2nd February 2020
Nanoparticle eats away plaque that causes heart attacks
Michigan State University and Stanford University scientists have created a nanoparticle that eats away – from the inside out – portions of plaques that cause heart attacks.
Bryan Smith, Associate Professor of Biomedical Engineering at Michigan, and his team of colleagues developed a "Trojan Horse" nanoparticle that can be directed to eat debris, reducing and stabilising plaque. The discovery could be a potential treatment for atherosclerosis, a leading cause of death in the United States.
The results, published this week in Nature Nanotechnology, show how the nanoparticle homes in on atherosclerotic plaque, due to its high selectivity to a particular immune cell type – monocytes and macrophages.
Macrophages are a type of white blood cell in our immune system, which engulf and digest cellular debris, foreign substances, microbes, cancer cells, and anything else that does not have the type of proteins specific to healthy body cells.
Once inside the macrophages of arterial plaques, the nanoparticle delivers a drug agent that can stimulate the cell to engulf and eat cellular debris, removing the diseased/dead cells. By reinvigorating the macrophages, plaque size is reduced.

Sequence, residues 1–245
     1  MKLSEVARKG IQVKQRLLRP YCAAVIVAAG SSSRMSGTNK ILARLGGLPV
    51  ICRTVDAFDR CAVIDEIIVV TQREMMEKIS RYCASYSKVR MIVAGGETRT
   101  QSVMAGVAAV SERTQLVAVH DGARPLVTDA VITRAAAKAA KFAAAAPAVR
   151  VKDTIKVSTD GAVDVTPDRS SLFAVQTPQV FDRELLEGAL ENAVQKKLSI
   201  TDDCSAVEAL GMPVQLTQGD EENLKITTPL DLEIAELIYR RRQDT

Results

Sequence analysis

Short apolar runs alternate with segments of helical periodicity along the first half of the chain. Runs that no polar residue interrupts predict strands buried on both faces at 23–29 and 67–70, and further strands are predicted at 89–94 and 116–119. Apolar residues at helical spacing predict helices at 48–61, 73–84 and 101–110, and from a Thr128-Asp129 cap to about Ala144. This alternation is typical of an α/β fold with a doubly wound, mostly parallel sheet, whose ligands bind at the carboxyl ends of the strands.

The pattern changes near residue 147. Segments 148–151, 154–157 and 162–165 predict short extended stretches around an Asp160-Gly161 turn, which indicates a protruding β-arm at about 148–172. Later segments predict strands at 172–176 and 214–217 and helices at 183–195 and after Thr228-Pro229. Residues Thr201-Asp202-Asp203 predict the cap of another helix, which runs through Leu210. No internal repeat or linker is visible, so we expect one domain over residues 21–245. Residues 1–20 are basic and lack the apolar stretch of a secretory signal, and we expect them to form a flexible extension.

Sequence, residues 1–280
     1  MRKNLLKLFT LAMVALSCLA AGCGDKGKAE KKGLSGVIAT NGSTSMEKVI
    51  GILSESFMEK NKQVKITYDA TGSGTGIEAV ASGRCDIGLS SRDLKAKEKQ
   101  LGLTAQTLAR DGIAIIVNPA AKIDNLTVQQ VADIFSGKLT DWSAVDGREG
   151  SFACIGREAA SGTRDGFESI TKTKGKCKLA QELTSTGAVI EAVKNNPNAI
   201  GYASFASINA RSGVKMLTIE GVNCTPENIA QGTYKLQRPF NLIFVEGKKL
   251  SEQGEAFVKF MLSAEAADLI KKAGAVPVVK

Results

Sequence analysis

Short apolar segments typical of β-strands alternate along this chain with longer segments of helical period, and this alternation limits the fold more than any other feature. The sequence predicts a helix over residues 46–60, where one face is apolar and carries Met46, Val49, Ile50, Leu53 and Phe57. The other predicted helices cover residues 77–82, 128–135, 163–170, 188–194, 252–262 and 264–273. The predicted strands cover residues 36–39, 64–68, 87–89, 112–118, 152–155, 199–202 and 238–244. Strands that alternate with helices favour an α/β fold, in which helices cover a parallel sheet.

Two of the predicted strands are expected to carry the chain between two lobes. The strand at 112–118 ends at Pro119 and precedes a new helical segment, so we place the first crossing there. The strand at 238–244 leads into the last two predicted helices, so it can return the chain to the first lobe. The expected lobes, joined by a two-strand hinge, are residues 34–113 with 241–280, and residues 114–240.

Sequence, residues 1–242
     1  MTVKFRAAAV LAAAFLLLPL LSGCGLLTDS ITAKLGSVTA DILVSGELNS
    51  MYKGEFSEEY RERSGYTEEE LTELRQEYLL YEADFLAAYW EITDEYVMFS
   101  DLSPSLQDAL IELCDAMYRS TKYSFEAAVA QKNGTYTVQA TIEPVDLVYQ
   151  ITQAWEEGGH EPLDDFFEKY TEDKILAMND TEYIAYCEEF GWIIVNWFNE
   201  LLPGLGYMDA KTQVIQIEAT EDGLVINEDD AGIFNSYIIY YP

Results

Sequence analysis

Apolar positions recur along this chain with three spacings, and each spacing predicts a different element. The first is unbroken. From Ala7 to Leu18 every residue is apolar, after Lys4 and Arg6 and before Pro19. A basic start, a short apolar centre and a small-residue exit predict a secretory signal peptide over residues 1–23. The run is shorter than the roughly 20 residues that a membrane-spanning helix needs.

Future clinical trials on the nanoparticle are expected to reduce the risk of most types of heart attacks, with minimal side effects due to the unprecedented selectivity of the nanodrug, according to Smith. His research is focused on intercepting the signalling of the receptors in macrophages and sending a message via small molecules using nano-immunotherapeutic platforms. Previous studies have acted on the surface of the cells, but this new approach works intracellularly and has been effective in stimulating macrophages.
"We found we could stimulate the macrophages to selectively eat dead and dying cells – these inflammatory cells are precursor cells to atherosclerosis – that are part of the cause of heart attacks," Smith said. "We could deliver a small molecule inside the macrophages to tell them to begin eating again."
This approach also has applications beyond atherosclerosis, he added.
"We were able to marry a groundbreaking finding in atherosclerosis by our collaborators with the state-of-the-art selectivity and delivery capabilities of our advanced nanomaterial platform," explained Smith. "We demonstrated the nanomaterials were able to selectively seek out and deliver a message to the very cells needed. It gives a particular energy to our future work, which will include clinical translation of these nanomaterials using large animal models and human tissue tests. We believe it is better than previous methods."
Smith has filed a provisional patent and will begin marketing it later this year.
The dotted line outlines the atherosclerotic artery and the green represents the nanoparticles, which are in the plaque. The red indicates macrophages, which is the cell type that the nanoparticles are stimulating to eat the debris. Credit: Michigan State University